|Possibly the grittiest cat I know. In every sense!|
Am I really cut out for my job? It’s the question you might ask yourself during your studies (especially the exam period!), at the end (or in the middle) or a gruelling day, week or month, when things go wrong, or you feel unsure.
But is it the right question to ask? Psychologist Emily Scanlan gave a brilliant presentation to students and mentors involved in the veterinary science mentoring program on the weekend, and suggested it the question could be rephrased: do I have the right values?
Values such as perseverance, kindness, patience, attention to detail, gentleness, courage and curiosity are more important than the “right” personality.
Being resilient, she argued, is about knowing that something or an aspect of something might make you uncomfortable, but choosing to do it anyway. Lots of us have chosen challenging occupations – because they hold some meaning for us, because we do want to be challenged regularly – but we can forget that being challenged means getting out of our comfort zone, i.e. being uncomfortable. One is easily lulled into a state where one intellectually loves the idea of being challenged, but practically loathes or even avoids it.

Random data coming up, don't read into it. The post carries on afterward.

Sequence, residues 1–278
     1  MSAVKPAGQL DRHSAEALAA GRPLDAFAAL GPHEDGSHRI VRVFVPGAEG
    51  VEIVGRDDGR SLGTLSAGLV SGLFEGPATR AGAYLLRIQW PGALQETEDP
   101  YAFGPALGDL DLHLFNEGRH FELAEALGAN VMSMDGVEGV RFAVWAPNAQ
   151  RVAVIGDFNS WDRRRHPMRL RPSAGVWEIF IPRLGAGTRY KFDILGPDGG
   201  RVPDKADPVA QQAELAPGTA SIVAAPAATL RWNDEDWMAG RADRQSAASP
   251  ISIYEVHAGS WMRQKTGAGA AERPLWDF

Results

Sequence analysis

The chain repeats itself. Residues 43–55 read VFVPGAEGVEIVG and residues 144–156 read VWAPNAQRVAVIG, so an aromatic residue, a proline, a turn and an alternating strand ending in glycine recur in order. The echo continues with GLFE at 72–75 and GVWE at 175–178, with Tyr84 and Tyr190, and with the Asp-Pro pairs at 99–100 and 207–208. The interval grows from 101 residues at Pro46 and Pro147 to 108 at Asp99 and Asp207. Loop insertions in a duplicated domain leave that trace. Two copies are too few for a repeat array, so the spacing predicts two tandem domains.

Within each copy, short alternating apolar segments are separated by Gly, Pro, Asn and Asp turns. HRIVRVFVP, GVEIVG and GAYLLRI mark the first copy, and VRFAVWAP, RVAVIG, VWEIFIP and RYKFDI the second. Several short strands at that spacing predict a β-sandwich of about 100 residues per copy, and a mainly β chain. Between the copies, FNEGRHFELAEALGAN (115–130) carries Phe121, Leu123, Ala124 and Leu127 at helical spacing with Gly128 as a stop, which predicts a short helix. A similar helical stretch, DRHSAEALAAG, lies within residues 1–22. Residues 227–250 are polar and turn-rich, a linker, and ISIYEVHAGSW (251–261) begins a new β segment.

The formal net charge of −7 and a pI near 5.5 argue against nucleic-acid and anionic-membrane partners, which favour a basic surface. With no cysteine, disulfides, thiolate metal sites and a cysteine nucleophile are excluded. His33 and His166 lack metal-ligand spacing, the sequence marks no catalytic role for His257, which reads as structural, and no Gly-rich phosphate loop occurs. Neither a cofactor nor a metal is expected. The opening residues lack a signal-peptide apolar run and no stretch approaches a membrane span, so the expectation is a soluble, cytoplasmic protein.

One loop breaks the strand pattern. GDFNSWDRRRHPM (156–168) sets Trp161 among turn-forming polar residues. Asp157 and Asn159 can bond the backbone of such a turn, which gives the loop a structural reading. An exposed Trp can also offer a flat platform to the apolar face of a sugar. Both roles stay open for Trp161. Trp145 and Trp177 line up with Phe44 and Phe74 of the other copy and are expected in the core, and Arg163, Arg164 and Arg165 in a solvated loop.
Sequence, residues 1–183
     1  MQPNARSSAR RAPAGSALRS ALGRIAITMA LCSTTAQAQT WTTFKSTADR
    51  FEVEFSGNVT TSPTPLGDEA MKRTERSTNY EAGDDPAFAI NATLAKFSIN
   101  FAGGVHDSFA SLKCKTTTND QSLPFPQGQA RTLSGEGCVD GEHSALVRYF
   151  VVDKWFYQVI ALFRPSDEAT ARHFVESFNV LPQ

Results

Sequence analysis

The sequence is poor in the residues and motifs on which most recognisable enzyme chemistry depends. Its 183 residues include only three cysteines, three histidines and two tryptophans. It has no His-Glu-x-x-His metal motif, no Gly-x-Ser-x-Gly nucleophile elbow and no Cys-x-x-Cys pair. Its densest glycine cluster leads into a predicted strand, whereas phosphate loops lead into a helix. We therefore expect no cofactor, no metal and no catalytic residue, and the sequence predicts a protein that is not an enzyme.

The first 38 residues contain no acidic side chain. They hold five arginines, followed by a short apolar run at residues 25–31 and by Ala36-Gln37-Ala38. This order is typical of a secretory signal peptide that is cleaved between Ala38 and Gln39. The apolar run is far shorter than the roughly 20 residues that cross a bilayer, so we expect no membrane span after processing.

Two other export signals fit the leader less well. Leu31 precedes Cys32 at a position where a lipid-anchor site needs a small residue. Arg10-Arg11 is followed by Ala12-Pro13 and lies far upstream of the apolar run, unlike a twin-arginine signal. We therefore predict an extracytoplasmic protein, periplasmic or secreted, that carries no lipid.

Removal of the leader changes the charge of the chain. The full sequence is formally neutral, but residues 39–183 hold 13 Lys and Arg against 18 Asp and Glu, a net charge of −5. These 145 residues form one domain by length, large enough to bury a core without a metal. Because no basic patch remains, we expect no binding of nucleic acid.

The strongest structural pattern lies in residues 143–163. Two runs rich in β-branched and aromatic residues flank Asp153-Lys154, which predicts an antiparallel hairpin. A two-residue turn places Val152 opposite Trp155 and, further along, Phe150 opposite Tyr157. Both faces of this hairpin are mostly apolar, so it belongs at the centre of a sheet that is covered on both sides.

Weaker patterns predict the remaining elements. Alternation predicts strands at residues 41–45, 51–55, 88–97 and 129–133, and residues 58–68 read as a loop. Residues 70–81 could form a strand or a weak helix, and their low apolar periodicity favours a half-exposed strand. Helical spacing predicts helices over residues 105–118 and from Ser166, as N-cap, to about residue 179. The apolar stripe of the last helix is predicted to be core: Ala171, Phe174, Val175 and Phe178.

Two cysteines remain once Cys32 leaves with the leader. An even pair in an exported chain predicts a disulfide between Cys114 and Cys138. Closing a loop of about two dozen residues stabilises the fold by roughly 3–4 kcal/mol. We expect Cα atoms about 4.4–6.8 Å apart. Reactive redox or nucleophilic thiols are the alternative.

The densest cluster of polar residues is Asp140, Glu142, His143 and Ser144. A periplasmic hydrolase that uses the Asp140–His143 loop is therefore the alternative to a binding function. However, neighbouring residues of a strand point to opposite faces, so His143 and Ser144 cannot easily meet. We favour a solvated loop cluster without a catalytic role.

Then there are others who actively push themselves out of their comfort zone, like a former colleague of mine who deliberately books holidays involving the most uncomfortable modes of transport available so that she can be awake and present every moment. She values existing out of her everyday life and insists time passes more slowly in discomfort!
In positive psychology the ability to “feel the fear and do it anyway” is often referred to as “grit”. It was foreshadowed in virtue ethics (attributed to Aristotle), with persistence and tenacity considered virtuous traits. Essentially, someone with grit can sustain motivation longer term, without the reassurance of regular or constant positive feedback. The goals they set have intrinsic value – they are valuable in and of themselves, regardless of recognition or achievement.
You can read a bit more about the concept of grit here. Although the psychologist William James did not use the term in his writing, he could have been discussing grit when he discussed “the psychology of the second wind”, and referred to working mothers as “the humble heroines of family life” (there’s a great discussion about this on Brain Pickings which you can read here).
You can even test your grit on Duckworth & Quinn’s validated short grit scale (note to self: develop more grit)(apparently, grit is something we can build on and develop).